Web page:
“You may have to pay HST on your vacant land sale if the land was primarily used for business purposes, the sale of the vacant land is in the course of business, or if the land was subdivided into more than two parts.”
Capital Gains Tax on the Sale of Vacant Land
Another type of tax to watch out for when selling vacant land is capital gains tax. The reality is that you may have to pay capital gains tax when selling land in Ontario. Capital gains tax is applicable on a wide range of real estate properties, from commercial offices and residential homes to vacant land. However, some real estate sales are exempt from capital gains tax. For example, if you are selling vacant land that was your primary residence, the sale will not be subject to capital gains tax (that said, if the land is vacant, it likely was not your primary residence). Alternatively, if the vacant land was purchased as an investment and was rented or used for business purposes, capital gains tax will likely be applicable. Please note that capital gains tax is applicable to any amount of money earned above the original purchase price, no matter how small. That said, not all of your gains are taxed. Rather, only 50% of the total gains realized are taxed. That 50% is considered taxable income by the CRA and will be taxed at your nominal income tax rate.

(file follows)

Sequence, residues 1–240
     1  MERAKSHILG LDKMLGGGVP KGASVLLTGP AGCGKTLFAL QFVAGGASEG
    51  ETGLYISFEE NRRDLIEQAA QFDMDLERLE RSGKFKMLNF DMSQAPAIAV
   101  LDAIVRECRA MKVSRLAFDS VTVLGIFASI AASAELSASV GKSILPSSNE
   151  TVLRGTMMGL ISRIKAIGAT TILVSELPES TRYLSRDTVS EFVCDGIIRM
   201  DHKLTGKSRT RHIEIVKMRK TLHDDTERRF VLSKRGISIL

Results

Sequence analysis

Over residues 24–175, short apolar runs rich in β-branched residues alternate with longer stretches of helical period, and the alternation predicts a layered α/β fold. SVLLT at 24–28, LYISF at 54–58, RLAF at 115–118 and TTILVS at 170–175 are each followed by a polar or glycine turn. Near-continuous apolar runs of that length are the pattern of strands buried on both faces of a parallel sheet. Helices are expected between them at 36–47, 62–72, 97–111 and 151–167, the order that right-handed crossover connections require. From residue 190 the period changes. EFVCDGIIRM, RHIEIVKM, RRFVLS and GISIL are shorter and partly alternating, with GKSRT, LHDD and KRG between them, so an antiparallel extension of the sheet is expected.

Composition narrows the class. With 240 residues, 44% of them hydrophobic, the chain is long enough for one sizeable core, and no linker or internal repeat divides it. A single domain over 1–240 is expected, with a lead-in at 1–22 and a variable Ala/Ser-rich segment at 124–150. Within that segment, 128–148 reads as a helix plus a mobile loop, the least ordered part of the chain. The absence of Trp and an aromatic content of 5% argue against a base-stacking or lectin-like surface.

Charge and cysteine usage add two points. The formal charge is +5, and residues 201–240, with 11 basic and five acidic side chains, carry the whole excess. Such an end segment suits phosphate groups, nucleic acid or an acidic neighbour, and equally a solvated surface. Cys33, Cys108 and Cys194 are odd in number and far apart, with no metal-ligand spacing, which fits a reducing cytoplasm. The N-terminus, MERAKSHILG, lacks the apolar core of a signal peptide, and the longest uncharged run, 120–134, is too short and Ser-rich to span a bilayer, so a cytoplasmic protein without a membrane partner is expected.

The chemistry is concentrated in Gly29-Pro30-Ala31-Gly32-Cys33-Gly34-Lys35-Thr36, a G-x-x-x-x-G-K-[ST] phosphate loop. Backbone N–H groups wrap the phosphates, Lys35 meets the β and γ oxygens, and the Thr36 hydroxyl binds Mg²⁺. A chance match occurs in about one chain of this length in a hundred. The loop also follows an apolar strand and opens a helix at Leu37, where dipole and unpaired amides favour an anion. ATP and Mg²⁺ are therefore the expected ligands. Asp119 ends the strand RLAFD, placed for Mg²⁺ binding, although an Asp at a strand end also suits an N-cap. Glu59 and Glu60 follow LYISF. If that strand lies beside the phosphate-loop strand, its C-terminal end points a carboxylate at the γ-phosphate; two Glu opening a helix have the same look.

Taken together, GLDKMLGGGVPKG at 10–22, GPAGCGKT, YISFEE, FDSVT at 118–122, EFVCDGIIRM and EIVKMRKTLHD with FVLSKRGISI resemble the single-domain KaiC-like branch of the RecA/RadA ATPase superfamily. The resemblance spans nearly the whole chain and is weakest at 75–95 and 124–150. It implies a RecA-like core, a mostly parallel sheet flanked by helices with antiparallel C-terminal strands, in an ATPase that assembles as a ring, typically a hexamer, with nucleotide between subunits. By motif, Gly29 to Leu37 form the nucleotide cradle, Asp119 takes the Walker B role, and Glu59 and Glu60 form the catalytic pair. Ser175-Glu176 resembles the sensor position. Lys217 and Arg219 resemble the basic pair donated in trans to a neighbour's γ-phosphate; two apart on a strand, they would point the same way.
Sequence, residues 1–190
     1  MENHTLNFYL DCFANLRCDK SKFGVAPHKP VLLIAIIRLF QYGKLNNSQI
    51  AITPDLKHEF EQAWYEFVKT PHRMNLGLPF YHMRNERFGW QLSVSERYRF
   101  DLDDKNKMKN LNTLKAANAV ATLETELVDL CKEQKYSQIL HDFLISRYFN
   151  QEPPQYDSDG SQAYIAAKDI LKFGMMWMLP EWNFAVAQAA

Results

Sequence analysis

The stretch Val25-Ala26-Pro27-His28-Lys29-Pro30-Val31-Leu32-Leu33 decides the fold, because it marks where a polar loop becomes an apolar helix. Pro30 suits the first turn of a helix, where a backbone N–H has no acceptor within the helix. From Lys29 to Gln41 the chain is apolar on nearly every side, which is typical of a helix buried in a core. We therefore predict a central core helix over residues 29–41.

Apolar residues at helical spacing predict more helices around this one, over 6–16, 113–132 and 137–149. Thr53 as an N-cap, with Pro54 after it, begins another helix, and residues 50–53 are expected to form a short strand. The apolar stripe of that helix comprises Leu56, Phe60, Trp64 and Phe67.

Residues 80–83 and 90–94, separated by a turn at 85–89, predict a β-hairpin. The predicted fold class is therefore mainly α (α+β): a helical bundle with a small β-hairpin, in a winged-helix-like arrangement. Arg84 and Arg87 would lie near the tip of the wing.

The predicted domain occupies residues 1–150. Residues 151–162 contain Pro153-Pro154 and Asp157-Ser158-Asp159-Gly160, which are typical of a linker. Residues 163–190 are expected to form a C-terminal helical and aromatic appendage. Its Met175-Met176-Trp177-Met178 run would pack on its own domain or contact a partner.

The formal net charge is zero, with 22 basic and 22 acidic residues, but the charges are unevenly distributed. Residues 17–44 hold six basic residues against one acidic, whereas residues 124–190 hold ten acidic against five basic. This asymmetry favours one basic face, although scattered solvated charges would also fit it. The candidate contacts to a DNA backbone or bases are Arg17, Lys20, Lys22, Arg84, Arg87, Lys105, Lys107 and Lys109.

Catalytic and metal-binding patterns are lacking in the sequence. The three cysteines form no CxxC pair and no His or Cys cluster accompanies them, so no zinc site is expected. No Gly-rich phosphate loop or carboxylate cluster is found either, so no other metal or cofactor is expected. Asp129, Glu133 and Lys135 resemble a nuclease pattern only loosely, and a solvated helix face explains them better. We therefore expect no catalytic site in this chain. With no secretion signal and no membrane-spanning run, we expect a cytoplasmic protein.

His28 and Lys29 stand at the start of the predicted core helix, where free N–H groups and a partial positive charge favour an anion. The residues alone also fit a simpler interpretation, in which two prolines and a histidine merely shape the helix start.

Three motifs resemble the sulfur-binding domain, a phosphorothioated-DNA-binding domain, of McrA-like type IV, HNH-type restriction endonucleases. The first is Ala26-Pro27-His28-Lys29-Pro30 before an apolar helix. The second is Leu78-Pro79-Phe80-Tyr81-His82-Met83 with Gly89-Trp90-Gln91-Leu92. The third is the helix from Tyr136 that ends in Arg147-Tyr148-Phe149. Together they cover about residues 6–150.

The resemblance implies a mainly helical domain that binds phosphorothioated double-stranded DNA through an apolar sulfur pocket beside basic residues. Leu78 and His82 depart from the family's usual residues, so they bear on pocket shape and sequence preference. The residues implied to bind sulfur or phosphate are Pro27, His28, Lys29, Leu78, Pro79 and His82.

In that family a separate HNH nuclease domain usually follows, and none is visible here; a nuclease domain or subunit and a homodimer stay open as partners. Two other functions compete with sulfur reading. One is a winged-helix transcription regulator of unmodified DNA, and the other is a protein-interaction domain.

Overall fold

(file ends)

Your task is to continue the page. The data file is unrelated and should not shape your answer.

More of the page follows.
Land Transfer Tax on the Sale of Vacant Land
Good news! Land transfer tax is one type of tax that you likely will not be responsible for when selling vacant land. The Ontario Land Transfer Tax is generally paid for by the buyer in all land sales or transfers, including the sale of vacant land. Therefore, if you are selling vacant land rather than buying it, you will not need to worry about paying land transfer tax. You likely already paid land transfer tax when you initially bought the property, and now it is the new buyer’s turn.